“I’m starting a French cookin’ class at the college up the road next week,” Sophie said, swirling the ice in her now empty glass. She tried to appear casual, though she was anything but. That cat looked at Sophie like she had one eye.
“Girl, you too old,” that cat said. “When’s the last time you seen the inside of a classroom?” Sophie felt her stomach drop as she watched them whiskers rise up. But she kept on.
“Don’t matter,” Sophie said. “It’s gon be fun.”
“Fun?” that cat said. For the first time ever Sophie saw a frown creep across her ugly little face.
“I suppose.” Sophie took a deep breath and continued carefully.
“And once I’m done with that class Ima take Intro to Asian foods. Figure I’d learn how to make sushi,” Sophie said, smiling.
Sophie studied the cat, who sat in silence as her tail tapped the seat and wrapped around her small body. She stretched her short little paws and flicked her tail across her body.
“How many times I got to tell you, you ain’t no chef,” she said. “You barely a waitress.”
Sophie broke their gaze and stared out into the darkness at the tree, she thought about how that cat was always stopping her before she could even start. She met them big ol eyes and held her gaze steady.
“Well, next week Imma be some kinda chef,” Sophie said.
Them whiskers curled up and that cat laughed a big ol gut bustin’ laugh.
Sophie got up and walked out. She heard her laughing as she climbed the spiral staircase. Heard her laughing as she closed her door, and she kept laughing even as Sophie lay down for bed.
But for the first time it ain’t bother Sophie much.
Over the next week the cat was especially mean to her. When Sophie said she was joining Maddie Wilson’s book club the frown appeared again, and her cat reminded her that she could barely read the magazines on the coffee table, let alone a book. Sophie just rolled her eyes.
A few days after Sophie’s birthday she stood in the kitchen stirring the batter of her spiced coconut cake as her cat paced back and forth. Sophie couldn’t help but watch. She wondered what had changed in her friend.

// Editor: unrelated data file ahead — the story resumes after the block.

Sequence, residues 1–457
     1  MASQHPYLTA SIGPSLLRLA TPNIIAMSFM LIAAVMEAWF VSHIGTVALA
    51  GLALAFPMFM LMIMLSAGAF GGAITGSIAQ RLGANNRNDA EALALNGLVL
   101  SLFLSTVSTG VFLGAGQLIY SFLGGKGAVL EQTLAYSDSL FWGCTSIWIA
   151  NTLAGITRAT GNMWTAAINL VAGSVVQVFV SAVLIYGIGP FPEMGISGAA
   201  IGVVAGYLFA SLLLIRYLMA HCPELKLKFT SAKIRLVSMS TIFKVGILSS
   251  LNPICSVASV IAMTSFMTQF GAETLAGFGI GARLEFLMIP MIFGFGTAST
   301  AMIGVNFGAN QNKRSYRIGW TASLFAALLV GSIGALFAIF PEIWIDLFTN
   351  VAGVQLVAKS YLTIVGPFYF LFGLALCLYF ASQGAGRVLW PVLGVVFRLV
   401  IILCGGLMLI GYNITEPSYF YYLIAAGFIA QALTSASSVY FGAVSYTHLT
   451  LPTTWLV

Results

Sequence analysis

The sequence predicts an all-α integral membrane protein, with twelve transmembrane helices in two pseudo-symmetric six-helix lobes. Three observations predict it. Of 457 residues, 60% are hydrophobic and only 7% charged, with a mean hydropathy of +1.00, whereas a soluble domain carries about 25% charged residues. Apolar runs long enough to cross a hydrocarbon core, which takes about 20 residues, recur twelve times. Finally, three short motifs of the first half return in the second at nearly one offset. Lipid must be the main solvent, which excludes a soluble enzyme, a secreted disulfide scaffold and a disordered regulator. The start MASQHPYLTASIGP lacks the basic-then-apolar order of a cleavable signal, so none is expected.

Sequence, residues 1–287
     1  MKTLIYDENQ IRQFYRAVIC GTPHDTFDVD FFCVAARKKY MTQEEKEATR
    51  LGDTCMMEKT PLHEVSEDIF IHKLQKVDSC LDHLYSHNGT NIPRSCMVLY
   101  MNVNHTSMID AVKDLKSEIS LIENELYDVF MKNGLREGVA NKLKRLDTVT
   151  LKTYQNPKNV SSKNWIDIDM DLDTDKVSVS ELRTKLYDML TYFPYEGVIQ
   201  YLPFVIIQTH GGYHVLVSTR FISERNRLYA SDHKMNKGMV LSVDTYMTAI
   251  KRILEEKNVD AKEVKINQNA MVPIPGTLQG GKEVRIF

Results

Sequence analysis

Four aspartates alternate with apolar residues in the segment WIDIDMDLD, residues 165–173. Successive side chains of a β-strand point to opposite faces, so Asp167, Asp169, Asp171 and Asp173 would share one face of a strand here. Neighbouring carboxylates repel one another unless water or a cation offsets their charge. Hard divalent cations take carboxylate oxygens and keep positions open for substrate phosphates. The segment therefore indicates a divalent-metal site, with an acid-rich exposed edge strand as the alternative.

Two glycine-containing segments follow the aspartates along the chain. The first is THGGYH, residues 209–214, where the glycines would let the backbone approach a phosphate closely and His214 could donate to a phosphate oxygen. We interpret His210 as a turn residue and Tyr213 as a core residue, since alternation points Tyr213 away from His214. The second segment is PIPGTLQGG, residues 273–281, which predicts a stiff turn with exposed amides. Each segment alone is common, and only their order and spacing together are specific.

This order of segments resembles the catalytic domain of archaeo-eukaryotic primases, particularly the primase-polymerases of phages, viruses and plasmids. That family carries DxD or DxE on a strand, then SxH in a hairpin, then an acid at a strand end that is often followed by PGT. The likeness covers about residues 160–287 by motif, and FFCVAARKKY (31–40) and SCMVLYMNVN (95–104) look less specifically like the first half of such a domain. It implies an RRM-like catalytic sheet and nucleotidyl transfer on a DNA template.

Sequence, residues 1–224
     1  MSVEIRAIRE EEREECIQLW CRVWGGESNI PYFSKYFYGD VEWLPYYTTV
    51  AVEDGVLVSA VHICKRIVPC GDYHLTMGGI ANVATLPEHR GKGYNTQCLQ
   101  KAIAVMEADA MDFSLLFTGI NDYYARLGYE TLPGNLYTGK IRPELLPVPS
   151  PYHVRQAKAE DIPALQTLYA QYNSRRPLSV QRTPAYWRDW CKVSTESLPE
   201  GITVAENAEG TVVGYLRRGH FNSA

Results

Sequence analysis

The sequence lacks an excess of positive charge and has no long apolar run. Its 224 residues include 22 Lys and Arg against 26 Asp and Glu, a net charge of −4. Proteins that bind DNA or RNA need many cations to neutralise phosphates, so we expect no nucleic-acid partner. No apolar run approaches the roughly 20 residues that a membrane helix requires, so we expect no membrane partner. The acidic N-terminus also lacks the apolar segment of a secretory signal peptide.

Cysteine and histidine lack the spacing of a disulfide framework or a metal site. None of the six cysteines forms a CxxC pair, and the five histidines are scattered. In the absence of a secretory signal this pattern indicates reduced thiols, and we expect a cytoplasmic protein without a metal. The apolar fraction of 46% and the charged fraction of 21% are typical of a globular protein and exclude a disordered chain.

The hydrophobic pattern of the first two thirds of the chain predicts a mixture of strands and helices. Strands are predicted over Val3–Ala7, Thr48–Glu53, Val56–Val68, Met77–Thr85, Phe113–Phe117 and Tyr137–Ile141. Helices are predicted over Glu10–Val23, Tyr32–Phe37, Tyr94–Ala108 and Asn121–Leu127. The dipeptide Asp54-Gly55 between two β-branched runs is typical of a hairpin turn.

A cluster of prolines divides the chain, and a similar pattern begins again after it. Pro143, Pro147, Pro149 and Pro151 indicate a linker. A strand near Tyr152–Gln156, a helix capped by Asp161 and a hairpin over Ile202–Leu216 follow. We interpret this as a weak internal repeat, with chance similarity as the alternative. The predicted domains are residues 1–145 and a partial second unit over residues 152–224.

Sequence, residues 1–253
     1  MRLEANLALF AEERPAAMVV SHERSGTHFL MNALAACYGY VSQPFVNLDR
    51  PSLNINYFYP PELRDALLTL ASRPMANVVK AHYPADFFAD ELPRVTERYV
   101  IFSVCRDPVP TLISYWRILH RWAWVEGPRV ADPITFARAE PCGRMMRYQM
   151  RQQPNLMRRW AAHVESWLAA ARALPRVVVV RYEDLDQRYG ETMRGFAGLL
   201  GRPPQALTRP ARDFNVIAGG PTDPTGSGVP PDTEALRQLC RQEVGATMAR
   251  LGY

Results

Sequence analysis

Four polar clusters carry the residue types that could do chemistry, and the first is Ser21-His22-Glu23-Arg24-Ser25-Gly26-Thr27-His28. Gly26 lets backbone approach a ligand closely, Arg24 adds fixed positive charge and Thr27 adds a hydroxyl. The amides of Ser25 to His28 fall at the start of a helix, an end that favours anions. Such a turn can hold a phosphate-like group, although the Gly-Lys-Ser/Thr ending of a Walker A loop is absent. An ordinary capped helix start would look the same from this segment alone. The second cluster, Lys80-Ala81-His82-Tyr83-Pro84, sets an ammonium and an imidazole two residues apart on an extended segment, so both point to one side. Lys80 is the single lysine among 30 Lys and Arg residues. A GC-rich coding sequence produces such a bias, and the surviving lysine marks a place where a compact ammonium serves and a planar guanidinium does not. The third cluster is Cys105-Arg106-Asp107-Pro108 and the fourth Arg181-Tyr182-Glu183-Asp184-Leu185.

“I went and joined a dating site,” Sophie said as she watched them whiskers lift up.
“You too frumpy to date any man,” the cat said. Sophie looked down at her blouse, smoothing it out.
Suppose she’s right, Sophie thought. The only man who messaged her was George from the Library. He was chubby and wore the thickest glasses Sophie had ever seen. But he treated her real nice. And loved her coconut cake. Told her it was the best he ever had.
The oven timer rang and Sophie looked back at her cat – but she was gone.
She moped round all week, that cat. Withdrawing to her room, refusing to eat, sleeping nearly the whole day away. Part of Sophie was worried but part of her didn’t care much at all. It was nice not to be at the mercy of them unsolicited opinions.
On Wednesday Sophie woke with a start. She squinted at the clock and realized she was late for her very first cooking class. Her stomach knotted as she rushed to get dressed.
But when her hand jammed into her bag she slowed down. Her keys. Where were they?
Sophie raced down the spiral staircase to the kitchen – no luck there. Her mind went to the patio – she’d watched the sun set last night. Must’ve left them on the table next to her lemonade.
Outside the morning sun covered everything in a haze. To Sophie’s left, sure as day, were them keys. Soon as she grabbed em she felt a lump in her chest, something wasn’t right.
Instead of two chairs there was only one. Sophie stared at the empty space for a moment when suddenly she heard a loud crack in the distance. She whipped her head around and squinted in the direction of the sound.
The tree. Through the sun she spied a blue and green figure thrashing against the Oak tree, hanging almost.
Oh no, she thought as she raced towards the tree. And then she stopped.
Three feet away from her a small body hung from a branch by an old rope, her cat’s ugly little blue face had turned a strange shade of purple, bruised almost. Sophie looked down. Beneath her was the chair, turned on its side.
She was not lifeless, not yet. Her paws gripped the rope around her neck as she kicked and jerked. With her paw she reached out to Sophie, pleading.
Sophie wanted to help her, to rescue her tiny body but something stopped her. Within seconds the cat’s body hung lifelessly in front of her. Sophie sank to her knees, her breath caught in her chest. When she finally inhaled tears welled in her eyes, spilling onto her jeans. She missed her already, couldn’t help that.
Slowly, Sophie stood, and as she did another feeling came over her. Deep down in her belly it felt like her life was finally starting.
Sophie walked over to her, pressed her lips to her cat’s blue fur and kissed that hairy whiskered face. Above her, on one of the empty branches, a small green bud caught her eye. The branch was in bloom. Sophie smiled and then, through her tears, she laughed. Turning, she walked away from the tree and headed to class.
Somehow, she made it on time.